If you or someone you know is struggling with mental health, please contact the Crisis Text Line by texting HOME to 741741, call the National Alliance on Mental Illness helpline at 1-800-950-NAMI (6264), or visit the National Institute of Mental Health website.

Another huge athletic achievement for Michael Phelps

In 2012, Michael Phelps set several records in the world of sports. At the Summer Olympics held in London, the swimmer earned his 19th medal, officially making him the most decorated Olympic athlete ever, The Wall Street Journal reported. But outside the Olympics, Phelps set a record in a sport he didn't even play professionally — golf. 

That year, at the Dunhill Links Championship at Kingsbarns in Scotland, Phelps paired up with pro golfer Paul Casey. The swimmer lined up a putt that, according to Casey's caddy, "was from 159 ft., or 53 yards" — longer than half the length of a football field. A video of the putt showed the ball moving for 17 seconds. This was enough time for the commentators to talk about Phelps' gold medals and, as it rolled closer, ask, "Where is this putt going?" Right before the ball sank in the cup, the commenter said, "He couldn't. He has!" Phelps pumped his arms in joy, and the announcer claimed the stroke was "as long a putt as I think we've ever seen."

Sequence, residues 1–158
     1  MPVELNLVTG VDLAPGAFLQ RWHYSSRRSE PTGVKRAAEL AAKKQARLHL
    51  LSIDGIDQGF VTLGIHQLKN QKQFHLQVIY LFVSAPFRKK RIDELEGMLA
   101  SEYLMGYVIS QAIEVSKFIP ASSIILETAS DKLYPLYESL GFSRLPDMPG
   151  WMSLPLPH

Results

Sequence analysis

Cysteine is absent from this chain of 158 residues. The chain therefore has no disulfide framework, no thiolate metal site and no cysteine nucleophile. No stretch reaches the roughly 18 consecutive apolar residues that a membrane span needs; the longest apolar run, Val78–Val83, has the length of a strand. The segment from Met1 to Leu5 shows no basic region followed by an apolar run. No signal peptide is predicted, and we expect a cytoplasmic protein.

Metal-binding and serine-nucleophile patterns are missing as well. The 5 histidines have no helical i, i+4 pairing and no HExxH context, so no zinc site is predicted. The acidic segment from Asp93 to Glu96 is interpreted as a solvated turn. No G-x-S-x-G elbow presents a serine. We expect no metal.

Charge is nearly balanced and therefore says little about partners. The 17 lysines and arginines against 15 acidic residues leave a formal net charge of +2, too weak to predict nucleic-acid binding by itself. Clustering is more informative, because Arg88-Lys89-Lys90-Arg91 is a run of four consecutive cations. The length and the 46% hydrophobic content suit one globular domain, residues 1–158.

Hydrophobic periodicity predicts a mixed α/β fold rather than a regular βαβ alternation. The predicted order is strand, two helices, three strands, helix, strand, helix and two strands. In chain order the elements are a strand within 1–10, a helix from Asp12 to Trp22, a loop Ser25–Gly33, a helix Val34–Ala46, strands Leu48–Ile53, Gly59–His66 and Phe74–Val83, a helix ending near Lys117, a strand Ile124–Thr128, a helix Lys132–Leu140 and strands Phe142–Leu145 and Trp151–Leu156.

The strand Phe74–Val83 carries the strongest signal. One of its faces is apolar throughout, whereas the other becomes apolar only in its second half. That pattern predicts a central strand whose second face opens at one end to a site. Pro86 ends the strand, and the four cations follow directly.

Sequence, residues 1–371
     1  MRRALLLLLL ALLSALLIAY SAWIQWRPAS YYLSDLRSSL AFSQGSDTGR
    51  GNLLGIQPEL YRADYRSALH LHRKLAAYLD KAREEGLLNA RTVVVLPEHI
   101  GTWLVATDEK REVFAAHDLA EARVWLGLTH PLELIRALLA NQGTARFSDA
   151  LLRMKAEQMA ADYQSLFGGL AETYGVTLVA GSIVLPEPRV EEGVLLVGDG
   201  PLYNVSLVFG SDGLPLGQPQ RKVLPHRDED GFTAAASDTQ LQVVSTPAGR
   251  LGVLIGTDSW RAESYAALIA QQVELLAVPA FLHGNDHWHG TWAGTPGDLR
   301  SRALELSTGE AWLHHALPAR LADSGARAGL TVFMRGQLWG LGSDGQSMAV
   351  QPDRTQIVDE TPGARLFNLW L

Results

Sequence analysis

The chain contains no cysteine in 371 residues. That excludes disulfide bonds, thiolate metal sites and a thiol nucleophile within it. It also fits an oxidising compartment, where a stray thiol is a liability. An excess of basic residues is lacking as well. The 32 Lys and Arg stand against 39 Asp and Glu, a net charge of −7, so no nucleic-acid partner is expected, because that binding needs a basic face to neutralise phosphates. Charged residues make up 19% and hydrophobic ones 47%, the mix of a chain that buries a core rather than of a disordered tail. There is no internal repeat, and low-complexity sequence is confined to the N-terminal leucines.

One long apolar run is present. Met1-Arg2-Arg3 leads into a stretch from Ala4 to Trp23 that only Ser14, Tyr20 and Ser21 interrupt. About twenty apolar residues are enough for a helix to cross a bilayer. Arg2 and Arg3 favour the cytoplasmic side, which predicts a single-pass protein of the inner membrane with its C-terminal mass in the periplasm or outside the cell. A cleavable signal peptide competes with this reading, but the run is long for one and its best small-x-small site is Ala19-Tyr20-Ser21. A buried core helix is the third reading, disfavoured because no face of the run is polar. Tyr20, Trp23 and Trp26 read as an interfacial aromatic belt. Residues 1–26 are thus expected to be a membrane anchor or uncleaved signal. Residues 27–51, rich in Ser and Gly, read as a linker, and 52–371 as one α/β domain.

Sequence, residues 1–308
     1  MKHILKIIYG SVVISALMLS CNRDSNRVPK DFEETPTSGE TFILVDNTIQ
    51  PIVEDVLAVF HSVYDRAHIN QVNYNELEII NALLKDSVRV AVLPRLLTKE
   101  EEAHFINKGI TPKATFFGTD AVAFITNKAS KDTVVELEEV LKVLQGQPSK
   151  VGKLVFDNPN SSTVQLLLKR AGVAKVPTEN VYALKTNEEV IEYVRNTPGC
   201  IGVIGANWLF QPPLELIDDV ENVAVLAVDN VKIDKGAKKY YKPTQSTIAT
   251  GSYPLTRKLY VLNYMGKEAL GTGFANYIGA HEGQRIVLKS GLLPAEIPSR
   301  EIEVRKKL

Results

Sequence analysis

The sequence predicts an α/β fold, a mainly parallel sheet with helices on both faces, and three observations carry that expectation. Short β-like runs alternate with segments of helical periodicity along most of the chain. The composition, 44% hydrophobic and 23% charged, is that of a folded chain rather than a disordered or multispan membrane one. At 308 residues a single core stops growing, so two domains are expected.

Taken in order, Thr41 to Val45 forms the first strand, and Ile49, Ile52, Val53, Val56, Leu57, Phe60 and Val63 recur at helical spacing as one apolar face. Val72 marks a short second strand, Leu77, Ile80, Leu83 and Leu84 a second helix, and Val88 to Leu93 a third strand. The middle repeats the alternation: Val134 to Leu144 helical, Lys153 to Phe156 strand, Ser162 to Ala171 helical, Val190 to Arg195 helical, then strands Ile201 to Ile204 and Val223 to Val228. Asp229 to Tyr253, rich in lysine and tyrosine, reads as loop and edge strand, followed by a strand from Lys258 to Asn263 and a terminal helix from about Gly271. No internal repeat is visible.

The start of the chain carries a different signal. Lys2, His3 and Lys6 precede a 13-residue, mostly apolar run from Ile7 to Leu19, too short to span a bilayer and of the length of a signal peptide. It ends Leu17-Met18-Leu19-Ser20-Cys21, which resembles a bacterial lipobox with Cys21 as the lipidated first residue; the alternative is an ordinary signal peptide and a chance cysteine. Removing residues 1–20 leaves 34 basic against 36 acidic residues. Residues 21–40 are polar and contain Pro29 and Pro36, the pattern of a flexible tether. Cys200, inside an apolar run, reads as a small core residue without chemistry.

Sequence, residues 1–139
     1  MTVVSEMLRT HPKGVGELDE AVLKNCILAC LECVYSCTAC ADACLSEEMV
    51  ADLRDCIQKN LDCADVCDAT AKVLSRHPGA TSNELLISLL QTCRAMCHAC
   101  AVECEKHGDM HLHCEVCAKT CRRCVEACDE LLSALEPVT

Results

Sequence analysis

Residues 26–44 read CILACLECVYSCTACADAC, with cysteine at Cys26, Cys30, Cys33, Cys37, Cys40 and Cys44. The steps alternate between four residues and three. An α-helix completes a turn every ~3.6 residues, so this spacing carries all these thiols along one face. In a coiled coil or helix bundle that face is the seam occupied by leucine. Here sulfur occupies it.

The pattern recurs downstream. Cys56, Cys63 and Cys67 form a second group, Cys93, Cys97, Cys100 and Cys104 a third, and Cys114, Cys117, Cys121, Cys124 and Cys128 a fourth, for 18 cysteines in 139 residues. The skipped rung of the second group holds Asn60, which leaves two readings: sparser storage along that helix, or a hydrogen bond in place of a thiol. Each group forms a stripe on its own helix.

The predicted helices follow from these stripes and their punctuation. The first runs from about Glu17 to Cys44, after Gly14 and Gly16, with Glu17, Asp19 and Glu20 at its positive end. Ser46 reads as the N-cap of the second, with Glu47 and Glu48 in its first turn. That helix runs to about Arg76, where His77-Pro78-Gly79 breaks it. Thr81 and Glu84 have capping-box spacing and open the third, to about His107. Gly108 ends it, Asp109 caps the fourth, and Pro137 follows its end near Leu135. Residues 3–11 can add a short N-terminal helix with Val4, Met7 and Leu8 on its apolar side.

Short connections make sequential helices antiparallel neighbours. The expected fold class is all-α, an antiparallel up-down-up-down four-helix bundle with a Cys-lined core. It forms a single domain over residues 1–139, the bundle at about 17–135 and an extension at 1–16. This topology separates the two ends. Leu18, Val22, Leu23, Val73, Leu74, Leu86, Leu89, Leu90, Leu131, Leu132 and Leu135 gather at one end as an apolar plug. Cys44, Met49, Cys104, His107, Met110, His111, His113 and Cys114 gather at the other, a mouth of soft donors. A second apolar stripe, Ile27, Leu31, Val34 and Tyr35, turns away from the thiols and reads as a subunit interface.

According to the Daily Mail, the over-fifty-yard putt became the longest one ever televised. "It was the longest putt I've ever had and to see it go in was a pretty cool feeling," Phelps said of his amazing shot. Meanwhile, golf analyst Ewen Murray described the stroke as "perfect," with the ball "traveling down three different levels at the perfect pace."

Michael Phelps reveals his internal struggles

It's easy to celebrate Olympians after they win medals for their home countries, but few recognize the immense pressure and long hours that went into those moments. In an HBO documentary called "The Weight of Gold," Michael Phelps — who served as an executive producer and also provided his voice as the film's narrator — talked about his mental health struggle with anxiety and depression as an Olympic athlete. Several other famous Olympians, ranging from snowboarder Shaun White to figure skater Sasha Cohen, also appeared in the documentary, and all shared similar stories.

"We were all saying, 'Nobody helps us' and 'We're just products,'" Phelps told USA Today. "... Because I thought every sport is so different, every individual would be so different, yet there's 15 to 20 of us in the film that go completely against that statement."